Since then, the site has featured work and “self-interviews” by celebrated authors such as Stuart Dybek, Stephen Elliott, and Jami Attenberg, and by celebrities such as comedian Margaret Cho and radio personality Karith Foster.

Who knew that Bigelow’s win for best director last night was the first such win for a woman? This seems insane to me. And I suppose we shouldn’t make anything of the fact that she won for a film that, despite some murmurings early on about how she lent a “feminine touch” to the raw dealings of war was, let’s face it, a “boy movie.”

Not being a proper film buff, I can’t claim to know all the films and genres referred to in Tarantino’s most recent film “Inglorious Basterds”. But despite the enjoyment film buffs likely get from all the nods and allusions tucked within the film–a film even a dummy like me can see is about the power of film–I can’t help but wonder if there isn’t an element of self-sabotage going on here.

Like most people who use word processing applications, I’m by now perfectly used to seeing those colored squiggly lines appear below phrases or sentences deemed grammatically incorrect. And as a subset of this group no doubt also does, I typically ignore them. I know what I’m saying, after all, and I’m aware when it deviates from standard grammatical rules. But a recent discussion I had regarding the heap of narrative do’s and don’ts piled on students of composition, e.g. Show don’t tell, led me to wonder how useful it would be to have such prescriptive narrativity rules built into a word processor. Let’s call it Story Perfect.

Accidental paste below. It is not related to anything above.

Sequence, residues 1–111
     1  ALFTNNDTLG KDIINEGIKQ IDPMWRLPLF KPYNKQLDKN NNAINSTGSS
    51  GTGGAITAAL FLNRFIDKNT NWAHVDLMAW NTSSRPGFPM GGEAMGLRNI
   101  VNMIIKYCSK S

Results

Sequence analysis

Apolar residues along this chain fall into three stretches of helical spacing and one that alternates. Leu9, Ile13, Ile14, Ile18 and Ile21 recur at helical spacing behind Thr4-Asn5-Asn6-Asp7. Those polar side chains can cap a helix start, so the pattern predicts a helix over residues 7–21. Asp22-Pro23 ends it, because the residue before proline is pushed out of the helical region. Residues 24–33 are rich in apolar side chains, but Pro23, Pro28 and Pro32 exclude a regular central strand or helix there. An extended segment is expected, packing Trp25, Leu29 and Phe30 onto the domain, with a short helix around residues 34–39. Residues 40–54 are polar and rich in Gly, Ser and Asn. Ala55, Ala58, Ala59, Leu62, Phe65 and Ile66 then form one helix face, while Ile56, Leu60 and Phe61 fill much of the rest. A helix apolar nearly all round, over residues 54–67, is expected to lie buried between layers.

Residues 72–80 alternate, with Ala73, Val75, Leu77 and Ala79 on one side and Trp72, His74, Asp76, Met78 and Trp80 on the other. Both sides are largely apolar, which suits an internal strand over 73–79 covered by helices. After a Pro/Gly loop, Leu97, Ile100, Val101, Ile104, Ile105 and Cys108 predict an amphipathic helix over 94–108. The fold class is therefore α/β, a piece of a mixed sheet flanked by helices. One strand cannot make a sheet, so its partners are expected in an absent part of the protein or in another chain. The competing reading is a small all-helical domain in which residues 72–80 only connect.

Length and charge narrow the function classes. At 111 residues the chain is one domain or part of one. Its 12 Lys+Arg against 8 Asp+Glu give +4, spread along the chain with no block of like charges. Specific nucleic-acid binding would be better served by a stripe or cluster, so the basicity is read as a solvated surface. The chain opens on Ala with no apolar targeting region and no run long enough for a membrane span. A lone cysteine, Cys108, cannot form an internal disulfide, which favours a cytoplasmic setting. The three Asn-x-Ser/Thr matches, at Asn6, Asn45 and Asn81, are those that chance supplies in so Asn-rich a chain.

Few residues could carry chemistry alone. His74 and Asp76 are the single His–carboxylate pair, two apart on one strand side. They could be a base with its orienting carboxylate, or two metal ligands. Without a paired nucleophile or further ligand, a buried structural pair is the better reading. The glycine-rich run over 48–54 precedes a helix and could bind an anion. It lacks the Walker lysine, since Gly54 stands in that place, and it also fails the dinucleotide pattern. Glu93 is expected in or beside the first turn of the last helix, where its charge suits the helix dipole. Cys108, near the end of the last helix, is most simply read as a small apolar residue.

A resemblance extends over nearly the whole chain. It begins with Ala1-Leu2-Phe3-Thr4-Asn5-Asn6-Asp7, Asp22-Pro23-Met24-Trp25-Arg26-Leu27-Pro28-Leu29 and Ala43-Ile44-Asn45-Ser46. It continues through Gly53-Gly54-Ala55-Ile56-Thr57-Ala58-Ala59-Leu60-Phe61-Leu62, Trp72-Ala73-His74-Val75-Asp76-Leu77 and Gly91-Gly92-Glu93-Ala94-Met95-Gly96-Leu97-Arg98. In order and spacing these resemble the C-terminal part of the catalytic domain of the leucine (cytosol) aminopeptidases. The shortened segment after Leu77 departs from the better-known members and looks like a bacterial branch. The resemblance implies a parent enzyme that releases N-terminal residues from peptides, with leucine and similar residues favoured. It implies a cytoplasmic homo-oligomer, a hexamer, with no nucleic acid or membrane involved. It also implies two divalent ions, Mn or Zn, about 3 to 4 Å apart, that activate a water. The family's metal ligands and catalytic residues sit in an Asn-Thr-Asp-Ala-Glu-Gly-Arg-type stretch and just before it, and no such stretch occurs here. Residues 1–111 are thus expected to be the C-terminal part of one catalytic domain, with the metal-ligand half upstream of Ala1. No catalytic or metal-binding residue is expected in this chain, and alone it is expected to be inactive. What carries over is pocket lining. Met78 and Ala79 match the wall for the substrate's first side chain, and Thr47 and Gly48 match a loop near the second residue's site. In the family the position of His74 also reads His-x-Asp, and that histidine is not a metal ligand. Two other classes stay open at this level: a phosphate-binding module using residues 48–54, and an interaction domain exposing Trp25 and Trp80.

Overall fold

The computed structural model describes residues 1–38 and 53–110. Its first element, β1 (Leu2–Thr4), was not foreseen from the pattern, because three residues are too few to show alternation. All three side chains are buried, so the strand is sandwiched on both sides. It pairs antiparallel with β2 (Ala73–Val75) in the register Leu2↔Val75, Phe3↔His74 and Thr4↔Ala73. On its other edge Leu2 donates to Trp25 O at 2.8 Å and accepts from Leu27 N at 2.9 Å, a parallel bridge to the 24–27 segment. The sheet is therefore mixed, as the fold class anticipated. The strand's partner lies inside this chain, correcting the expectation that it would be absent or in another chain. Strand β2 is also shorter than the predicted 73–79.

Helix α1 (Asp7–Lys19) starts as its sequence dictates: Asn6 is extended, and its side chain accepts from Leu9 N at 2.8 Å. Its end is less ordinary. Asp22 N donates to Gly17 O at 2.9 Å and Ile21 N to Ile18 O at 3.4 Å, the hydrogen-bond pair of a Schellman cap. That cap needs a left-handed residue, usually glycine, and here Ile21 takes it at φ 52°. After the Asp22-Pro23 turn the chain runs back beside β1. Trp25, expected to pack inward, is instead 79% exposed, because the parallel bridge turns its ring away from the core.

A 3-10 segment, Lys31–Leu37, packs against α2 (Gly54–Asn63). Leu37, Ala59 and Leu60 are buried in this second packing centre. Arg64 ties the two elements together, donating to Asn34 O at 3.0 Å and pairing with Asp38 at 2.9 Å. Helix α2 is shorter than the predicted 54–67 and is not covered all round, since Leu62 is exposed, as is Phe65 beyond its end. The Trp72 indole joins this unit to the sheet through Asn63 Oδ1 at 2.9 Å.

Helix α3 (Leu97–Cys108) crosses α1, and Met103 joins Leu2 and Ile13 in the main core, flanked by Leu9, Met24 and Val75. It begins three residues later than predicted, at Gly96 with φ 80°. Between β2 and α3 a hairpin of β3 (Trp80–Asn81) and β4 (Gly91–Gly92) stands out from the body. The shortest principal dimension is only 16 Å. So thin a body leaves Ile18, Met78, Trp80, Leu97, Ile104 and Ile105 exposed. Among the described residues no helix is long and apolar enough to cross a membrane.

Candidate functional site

Would you use Story Perfect to compose fiction? What if it could check your metaphors for alignment? What if it could help you ensure your protagonist’s language was “in character”? Or help you pick the appropriate moment for your climax? And would the result still be “your story?” Though it may seem intrusive to most writers, we do this on some level anyway: internalize rules we’ve learned and reproduce them on the page. Why not have a little reminder during the moments of inspiration?

1) I began David Schields’s much talked-about essay/manifesto Reality Hunger last night–a book which liberally uses unaccredited excerpts from a range of sources and compiles them into a kind of long list of inter-referential comments, anecdotes and arguments. On the first page of the appendix, Schields writes that he’d wanted to leave out all citations, but that: